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Israel’s safety firm can cope with information from social networks

The Israeli firm whose spyware hacked WhatsApp has told customers its technology can suddenly scrap all the information of an individual from Apple, Google, Facebook, Amazon and Microsoft servers. 

Spy organizations and governments have used NSO Group’s flagship smartphone malware, nicknamed Pegasus, for years to harvest information from specific smartphones of people.

But it has now evolved to capture the much larger trove of information stored in the cloud beyond the phone, such as a full history of the location data of a target, archived messages or photos, according to people who shared documents with the Financial Times and described a recent demonstration of the product.

The papers raise challenging questions for the technology giants of Silicon Valley, who are trusted by billions of customers to safeguard critical private data, corporate secrets and medical records from future hackers. 

NSO rejected the promotion of cloud services hacking or mass monitoring instruments. However, it did not specifically deny that the capacity outlined in the papers had been created.

NSO Group claims it has a client screening method and sells only for enabling terrorism or criminal investigations to accountable governments.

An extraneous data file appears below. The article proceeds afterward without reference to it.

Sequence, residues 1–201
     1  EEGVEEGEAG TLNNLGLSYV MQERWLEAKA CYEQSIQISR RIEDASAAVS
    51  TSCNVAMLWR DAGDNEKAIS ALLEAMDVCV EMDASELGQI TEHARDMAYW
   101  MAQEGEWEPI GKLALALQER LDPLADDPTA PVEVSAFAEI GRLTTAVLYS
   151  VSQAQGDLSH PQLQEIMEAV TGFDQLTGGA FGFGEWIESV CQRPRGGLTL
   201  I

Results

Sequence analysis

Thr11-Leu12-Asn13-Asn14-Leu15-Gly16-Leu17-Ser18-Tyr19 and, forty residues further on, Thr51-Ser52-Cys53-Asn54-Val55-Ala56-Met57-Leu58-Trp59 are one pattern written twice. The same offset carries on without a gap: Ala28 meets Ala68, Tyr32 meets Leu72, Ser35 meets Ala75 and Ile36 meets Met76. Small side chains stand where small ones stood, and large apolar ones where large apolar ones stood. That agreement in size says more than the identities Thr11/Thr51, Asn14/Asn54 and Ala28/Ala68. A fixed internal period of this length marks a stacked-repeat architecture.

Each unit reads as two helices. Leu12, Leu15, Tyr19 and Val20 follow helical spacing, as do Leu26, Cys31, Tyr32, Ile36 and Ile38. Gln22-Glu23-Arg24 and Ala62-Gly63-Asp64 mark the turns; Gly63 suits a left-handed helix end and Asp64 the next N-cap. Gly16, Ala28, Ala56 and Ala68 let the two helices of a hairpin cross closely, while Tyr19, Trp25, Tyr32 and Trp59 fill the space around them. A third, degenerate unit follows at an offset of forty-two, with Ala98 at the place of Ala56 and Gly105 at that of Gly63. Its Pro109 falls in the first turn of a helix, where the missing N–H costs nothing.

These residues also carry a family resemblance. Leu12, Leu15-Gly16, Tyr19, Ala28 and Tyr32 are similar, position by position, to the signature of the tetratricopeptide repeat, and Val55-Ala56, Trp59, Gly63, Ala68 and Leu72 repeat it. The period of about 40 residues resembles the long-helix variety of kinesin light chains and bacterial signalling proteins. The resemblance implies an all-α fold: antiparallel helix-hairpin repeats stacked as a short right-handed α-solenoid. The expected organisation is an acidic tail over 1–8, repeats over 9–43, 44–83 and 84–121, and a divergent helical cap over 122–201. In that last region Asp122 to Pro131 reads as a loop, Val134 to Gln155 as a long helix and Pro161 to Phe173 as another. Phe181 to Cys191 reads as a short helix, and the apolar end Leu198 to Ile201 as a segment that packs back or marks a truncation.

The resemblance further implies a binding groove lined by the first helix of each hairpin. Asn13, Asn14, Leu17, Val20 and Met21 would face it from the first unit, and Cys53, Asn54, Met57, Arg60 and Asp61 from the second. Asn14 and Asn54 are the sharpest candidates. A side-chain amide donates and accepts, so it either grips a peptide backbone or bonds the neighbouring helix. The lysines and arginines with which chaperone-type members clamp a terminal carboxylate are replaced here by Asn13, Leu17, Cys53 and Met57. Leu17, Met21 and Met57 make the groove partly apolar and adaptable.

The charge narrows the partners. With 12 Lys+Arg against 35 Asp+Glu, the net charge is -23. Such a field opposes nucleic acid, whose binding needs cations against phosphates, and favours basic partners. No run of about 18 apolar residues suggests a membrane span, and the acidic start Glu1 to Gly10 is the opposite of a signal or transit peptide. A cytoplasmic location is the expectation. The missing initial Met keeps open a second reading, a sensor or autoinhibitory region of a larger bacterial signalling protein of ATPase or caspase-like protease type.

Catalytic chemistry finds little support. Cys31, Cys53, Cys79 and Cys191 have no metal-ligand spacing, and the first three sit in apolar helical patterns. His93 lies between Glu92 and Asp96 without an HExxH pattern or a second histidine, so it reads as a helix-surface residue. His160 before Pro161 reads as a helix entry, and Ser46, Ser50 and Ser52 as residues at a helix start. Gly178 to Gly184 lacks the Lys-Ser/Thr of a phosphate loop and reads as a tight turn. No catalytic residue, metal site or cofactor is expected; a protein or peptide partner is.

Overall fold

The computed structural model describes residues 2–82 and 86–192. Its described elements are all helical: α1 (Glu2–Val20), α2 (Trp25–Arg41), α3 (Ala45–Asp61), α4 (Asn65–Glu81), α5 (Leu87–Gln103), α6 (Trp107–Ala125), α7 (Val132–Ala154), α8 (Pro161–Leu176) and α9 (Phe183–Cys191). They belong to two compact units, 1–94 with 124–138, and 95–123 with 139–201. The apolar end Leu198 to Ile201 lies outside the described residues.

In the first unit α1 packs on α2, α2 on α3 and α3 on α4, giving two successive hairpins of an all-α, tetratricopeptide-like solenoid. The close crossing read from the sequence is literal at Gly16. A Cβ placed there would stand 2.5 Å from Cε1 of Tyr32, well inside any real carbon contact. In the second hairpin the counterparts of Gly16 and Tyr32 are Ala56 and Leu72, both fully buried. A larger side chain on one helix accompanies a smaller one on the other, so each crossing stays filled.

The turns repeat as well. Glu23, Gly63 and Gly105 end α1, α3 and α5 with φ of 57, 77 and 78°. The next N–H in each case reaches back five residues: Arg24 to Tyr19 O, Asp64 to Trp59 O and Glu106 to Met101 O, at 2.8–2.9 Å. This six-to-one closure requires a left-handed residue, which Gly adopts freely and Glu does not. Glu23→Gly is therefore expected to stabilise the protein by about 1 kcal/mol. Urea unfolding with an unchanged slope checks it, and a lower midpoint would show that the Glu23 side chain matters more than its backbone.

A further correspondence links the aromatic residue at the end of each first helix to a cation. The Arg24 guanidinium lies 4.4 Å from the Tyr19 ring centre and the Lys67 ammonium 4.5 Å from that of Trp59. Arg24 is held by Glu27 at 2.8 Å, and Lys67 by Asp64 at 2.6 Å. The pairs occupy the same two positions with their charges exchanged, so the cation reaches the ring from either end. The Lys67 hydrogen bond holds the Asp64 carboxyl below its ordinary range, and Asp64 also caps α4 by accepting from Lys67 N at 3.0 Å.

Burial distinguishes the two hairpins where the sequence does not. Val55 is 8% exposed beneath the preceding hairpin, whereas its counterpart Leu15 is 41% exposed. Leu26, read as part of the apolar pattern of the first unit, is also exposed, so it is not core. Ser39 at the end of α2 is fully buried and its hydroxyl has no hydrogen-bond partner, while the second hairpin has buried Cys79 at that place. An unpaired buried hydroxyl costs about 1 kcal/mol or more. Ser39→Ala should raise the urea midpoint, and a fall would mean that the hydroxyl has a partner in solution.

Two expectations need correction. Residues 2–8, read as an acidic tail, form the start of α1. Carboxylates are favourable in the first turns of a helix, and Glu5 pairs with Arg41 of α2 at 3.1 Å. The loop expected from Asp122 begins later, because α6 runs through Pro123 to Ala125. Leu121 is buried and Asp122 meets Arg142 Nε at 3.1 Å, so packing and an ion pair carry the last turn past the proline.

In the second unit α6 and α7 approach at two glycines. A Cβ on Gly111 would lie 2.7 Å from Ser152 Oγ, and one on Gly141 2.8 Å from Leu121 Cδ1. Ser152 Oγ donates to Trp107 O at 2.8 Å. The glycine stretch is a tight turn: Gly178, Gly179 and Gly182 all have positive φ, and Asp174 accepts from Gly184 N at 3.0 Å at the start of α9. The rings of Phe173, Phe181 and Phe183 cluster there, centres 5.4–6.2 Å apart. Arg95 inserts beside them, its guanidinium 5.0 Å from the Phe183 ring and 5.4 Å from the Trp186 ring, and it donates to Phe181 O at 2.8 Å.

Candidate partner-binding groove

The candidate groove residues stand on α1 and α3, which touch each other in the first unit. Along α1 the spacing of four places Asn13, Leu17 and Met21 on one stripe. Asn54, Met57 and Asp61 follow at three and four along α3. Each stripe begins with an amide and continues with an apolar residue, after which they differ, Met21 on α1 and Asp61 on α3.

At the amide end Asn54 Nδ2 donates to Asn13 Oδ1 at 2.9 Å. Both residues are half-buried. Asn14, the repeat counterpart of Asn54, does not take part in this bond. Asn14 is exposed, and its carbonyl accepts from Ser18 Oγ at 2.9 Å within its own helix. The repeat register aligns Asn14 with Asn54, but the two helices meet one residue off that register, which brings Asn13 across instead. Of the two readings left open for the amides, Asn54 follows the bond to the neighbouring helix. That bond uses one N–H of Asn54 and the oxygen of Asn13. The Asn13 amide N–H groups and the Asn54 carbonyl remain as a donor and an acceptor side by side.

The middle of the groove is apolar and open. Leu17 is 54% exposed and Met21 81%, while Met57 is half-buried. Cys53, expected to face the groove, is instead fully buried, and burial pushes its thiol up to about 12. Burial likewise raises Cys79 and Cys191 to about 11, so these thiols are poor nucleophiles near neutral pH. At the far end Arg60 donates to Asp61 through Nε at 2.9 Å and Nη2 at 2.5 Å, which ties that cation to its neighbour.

WhatsApp said a messenger service flaw in May could allow NSO Group software to be downloaded to computers via a straightforward phone call and monitor calls made via the service. The application owned by Facebook has set up a patch to solve the issue.

The firm has always retained that its software, designated as a weapon by Israel, is sold only to accountable governments in order to help avoid terrorist attacks and crimes. But Pegasus was traced to the phones of human rights activists and reporters around the globe by scientists, raising accusations that repressive regimes are abusing him. 

The fresh method is said to copy from an infected phone, among others, the authentication keys of services like Google Drive, Facebook Messenger and iCloud, enabling a distinct server to impersonate the phone, including its place.

Joseph Wright

Joseph is based out of California, writes about the tech industry and things happening inside the tech startups. He likes to play Games on his consoles.

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